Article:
"At last, a serious scholar has confronted the fallacy that Russia is condemned to autocracy. If you look carefully, argues Mendras, you will see that attitudes are evolving and that the potential for a civil society does exist. Now it is up to the Russians. Yes, to that."-Susan Richards, Open Democracy and author, Lost and Found in Russia

"A solid study of the Putin political regime, emphasizing the structural tensions between a highly effective authoritarian political machine and a governmental system that cannot effectively manage the modernization of post-Communist Russia." — Russian Review

"... a convincing account of the Russian political arena since the 1990s ... a good source for graduate students as well as the general public to develop critical thinking, obtain advanced knowledge of Russian domestic and foreign politics today, and learn about the possible implications of Putin's presidency." — Europe-Asia Studies

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Product Details

  • ISBN-13: 9780231703901
  • Publisher: Columbia University Press
  • Publication date: 6/26/2012
  • Series: Columbia/Hurst Series
  • Pages: 320
  • Sales rank: 1,378,278
  • Product dimensions: 5.70 (w) x 8.50 (h) x 1.10 (d)

Meet the Author

Marie Mendras is Professor at Sciences Po University and Research Fellow with the CNRS and the Centre for International Study and Research (CERI) in Paris. She is an Associate Fellow with the Russia and Eurasia Programme at Chatham House.

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Table of Contents

Acknowledgements xi

Maps xiv-xvi

Prologue 1

Introduction 9

1 The Myth of a Strong State: Legacy of the Empire and Autocracy 19

Imperial State, not Nation State 20

A People, not a Nation 25

The Ruler Ruled but did not Govern 29

The Dilution of the State within the Soviet System 32

The State as an Instrument of Power 34

2 Domestic Reform and Opening to the World 39

Opening Up: the End of the Besieged Fortress 40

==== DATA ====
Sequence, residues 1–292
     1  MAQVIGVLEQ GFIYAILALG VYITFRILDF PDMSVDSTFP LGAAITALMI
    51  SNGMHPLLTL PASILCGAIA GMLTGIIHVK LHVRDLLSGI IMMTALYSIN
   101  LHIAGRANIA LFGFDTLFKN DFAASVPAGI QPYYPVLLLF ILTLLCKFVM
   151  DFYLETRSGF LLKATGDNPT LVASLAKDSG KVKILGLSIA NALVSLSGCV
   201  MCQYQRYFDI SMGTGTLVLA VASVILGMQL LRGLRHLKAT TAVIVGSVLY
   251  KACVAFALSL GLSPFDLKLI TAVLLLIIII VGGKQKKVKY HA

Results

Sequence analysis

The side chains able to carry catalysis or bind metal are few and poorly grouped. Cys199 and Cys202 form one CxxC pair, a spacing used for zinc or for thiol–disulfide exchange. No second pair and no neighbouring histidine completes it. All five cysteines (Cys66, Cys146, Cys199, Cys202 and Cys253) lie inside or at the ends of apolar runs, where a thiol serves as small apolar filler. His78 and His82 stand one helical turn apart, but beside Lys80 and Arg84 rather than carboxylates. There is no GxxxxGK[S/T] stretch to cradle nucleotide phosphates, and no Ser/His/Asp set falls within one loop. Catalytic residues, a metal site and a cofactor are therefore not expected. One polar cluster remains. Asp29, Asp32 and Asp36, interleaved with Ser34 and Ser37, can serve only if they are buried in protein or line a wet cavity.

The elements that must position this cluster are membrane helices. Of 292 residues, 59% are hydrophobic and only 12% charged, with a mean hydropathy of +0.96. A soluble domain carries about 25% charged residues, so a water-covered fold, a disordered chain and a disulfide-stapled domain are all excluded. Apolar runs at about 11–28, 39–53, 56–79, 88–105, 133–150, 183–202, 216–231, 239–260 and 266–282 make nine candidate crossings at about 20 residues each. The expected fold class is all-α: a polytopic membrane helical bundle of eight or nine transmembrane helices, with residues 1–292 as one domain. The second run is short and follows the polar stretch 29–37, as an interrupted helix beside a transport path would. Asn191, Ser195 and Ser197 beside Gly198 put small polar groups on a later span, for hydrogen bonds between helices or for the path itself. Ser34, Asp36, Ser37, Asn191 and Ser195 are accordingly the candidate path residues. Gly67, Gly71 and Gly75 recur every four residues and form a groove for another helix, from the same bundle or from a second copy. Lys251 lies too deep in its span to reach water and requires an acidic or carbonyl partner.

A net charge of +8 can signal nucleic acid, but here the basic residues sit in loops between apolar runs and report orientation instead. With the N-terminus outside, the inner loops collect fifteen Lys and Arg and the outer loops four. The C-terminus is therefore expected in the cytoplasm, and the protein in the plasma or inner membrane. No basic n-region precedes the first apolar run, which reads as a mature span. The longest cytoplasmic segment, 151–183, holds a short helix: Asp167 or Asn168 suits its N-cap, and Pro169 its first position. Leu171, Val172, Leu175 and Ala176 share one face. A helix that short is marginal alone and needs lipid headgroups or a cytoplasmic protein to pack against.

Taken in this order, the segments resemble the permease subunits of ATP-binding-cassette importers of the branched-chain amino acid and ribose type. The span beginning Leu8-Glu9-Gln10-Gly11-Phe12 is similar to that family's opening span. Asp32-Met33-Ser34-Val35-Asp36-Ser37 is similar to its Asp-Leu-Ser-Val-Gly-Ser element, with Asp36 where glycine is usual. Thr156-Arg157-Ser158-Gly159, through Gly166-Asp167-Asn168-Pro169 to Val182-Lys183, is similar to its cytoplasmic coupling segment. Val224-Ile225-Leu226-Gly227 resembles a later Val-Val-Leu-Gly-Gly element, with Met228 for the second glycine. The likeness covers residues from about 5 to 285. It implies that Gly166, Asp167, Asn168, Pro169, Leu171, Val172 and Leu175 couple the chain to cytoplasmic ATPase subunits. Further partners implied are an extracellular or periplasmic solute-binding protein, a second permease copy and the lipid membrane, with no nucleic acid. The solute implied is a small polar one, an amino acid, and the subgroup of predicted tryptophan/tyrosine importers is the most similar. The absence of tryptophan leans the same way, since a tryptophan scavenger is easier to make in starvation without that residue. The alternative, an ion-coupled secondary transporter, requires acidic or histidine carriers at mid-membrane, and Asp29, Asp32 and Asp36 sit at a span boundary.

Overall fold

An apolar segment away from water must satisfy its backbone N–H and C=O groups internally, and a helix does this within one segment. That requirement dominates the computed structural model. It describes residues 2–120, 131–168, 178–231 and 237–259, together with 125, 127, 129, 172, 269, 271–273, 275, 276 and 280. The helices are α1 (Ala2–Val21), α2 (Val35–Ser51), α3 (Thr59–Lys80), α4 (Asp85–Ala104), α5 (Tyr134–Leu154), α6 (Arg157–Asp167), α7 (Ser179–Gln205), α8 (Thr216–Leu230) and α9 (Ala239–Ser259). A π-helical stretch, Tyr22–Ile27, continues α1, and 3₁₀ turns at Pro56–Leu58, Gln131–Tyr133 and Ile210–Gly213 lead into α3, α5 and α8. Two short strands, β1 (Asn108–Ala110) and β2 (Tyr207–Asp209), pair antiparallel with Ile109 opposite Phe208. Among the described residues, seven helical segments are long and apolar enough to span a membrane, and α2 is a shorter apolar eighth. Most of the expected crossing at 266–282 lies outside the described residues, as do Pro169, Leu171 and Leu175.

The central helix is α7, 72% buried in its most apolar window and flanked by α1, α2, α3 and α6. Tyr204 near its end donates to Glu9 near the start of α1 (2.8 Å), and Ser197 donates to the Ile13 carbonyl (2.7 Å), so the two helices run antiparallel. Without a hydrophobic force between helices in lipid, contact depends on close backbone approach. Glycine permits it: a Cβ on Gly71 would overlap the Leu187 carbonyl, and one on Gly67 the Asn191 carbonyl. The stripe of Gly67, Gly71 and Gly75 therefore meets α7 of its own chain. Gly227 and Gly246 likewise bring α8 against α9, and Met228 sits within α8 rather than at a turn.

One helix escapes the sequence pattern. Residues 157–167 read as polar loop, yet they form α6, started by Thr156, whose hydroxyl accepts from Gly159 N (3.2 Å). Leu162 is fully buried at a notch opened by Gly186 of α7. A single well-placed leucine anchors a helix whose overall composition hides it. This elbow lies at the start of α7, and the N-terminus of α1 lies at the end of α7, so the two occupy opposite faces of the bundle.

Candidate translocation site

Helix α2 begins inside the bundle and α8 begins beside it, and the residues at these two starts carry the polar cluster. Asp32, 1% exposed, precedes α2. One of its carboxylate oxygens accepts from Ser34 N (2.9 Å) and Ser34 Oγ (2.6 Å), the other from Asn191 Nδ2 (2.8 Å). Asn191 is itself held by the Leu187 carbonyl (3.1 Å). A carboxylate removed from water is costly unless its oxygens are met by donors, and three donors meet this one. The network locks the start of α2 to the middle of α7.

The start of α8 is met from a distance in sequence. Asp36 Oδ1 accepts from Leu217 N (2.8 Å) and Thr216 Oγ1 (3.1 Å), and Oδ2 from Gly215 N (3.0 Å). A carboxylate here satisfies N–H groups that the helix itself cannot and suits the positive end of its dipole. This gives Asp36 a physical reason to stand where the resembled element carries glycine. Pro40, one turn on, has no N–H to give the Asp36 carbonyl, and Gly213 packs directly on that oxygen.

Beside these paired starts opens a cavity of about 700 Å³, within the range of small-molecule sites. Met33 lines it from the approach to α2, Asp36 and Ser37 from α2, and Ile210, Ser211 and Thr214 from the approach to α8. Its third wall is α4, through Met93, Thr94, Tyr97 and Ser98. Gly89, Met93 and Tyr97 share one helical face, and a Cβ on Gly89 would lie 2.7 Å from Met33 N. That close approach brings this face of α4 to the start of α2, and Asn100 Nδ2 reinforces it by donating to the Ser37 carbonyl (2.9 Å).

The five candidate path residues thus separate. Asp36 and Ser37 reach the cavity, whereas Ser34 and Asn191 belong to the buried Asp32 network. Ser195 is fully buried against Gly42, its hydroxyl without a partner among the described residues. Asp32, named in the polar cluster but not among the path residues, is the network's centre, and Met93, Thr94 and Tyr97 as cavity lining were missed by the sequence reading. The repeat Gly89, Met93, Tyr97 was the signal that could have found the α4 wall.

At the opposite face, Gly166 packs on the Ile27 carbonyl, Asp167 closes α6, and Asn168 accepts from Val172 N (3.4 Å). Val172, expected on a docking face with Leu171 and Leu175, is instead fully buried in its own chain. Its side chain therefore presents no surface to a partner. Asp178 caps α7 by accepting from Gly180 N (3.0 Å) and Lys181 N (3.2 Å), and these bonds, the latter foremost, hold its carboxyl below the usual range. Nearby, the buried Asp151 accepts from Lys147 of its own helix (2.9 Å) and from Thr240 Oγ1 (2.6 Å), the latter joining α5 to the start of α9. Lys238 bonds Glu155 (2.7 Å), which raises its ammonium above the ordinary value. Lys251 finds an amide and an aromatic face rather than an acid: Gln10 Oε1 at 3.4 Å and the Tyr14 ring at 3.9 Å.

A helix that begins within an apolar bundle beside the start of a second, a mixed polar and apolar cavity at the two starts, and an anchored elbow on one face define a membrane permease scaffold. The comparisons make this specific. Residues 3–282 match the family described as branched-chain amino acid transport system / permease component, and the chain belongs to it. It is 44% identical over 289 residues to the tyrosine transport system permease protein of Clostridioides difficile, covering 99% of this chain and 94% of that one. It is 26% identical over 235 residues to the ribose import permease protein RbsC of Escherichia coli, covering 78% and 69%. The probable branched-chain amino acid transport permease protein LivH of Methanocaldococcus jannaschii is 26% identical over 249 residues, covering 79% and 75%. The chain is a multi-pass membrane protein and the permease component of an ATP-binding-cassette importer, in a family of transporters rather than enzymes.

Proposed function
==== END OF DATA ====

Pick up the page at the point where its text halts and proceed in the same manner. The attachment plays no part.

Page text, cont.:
The Central Relationship with the West 44

Gorbachev's Perestroika and the Quest for Modernity 46

The Government Misinforms Itself 49

A Better Life 51

Out of the Barrel 55

Understanding the Unexpected 57

The Misunderstanding over Ideology 59

Property and Free Vote: The Public-Private Separation at Stake 64

Economic Sovereignty 68

The Paradox of Mistrust 70

National Identity in the Turmoil of Change 73

3 The Defeat of Constitutionalism 79

The First Elections: Sovereignty and Representation Put to the Test 81

Calling in the Army and the End of Enchantment ?4

The War in Chechnya 88

The Pitfalls of the New Presidentialism 91

Disapproval of Yeltsin's Policies 93

The Communist Revival and the Protest Vote 97

The Temptation to Postpone the Elections 100

The Re-election of Yeltsin and the 'Oligarchs' 101

Downward Spiral 105

The Financial Crash 108

The Leaders' Responsibility 109

War Again 113

The Legislative Elections of 1999: Choosing Yeltsin's Successor 115

Putin's Guaranteed Victory 117

4 The Power of Bureaucracies 121

Survival of the Administrative Elites 122

Complexity and Diversity 125

Federal Governance 127

Consolidation of the Regional Systems under Yeltsin 130

Administrative ?Paternalism' 135

Local Powers 138

Disparities 140

The Preference for Unclear and Unsettled Rules 142

Bending the Rules 146

5 The Hollowing out of Public Institutions 151

The Break with Yeltsin 152

Violence and the Chechen Foe 155

Putin I and Putin II 158

Putin Consolidates his Power 160

Antifederalism 162

Increased Authoritarianism 166

Dropping the Mask 168

Putin's Re-election in 2004 170

Beslan: Exploiting Terrorism Politically 172

The 'Constitutional Coup' of 13 September 2004 175

Stranglehold on Information and the Media 177

Subverting Judicial Independence 179

6 A Distrustful Society 183

Withdrawing the Democratic Promise 184

Freedoms 185

Fears 190

A Low-Conflict Society? 192

Submission or Consent? 195

Putin's Image as Leader 197

Willing Hostages? 198

7 The Putin System: Unanimity and Autocracy 203

Rotation in Office Refused: A Sure Sign of Autocracy 204

The Medvedev Scenario 208

The Plebiscite of 2 December, 2007 210

The End of the Free and Pluralist Vote 213

Legalizing the Designated Successor 215

Why Keep Holding Elections? 217

Imitating or Downgrading Democracy? 220

Putin's Power and the Cult of Personality 223

Voluntary Servitude? 225

Putin III: The Unlikely Dyarchy 228

8 The Putin System: Patronage and the Enrichment of the Elites 231

Economic Growth, the Key to Consolidating the Political Regime 232

The Resources of Oligarchy 23

6 The Loyalty Paradigm 240

Clientelism and Corruption 243

Which ?Elites'? 245

Unstable Equilibrium 250

9 National Exceptionalism 257

The War in Georgia: A Turning Point 258

The Image of the Enemy 262

The Democratic Threat 264

Terrorism and 'Extremism' 267

Khodorkovsky: Second Act 271

The Imagined Community: A More and More Fragmented Russia 273

The Unequal Tandem 277

Conclusion 281

Chronology 287

Notes 299

Bibliography 327

Index 337